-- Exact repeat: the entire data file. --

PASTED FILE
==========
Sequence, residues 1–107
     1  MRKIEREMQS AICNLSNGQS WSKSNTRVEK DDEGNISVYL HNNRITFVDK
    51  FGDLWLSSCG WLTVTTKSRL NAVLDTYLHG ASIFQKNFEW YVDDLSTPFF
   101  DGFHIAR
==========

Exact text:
Sequence, residues 1–107
     1  MRKIEREMQS AICNLSNGQS WSKSNTRVEK DDEGNISVYL HNNRITFVDK
    51  FGDLWLSSCG WLTVTTKSRL NAVLDTYLHG ASIFQKNFEW YVDDLSTPFF
   101  DGFHIAR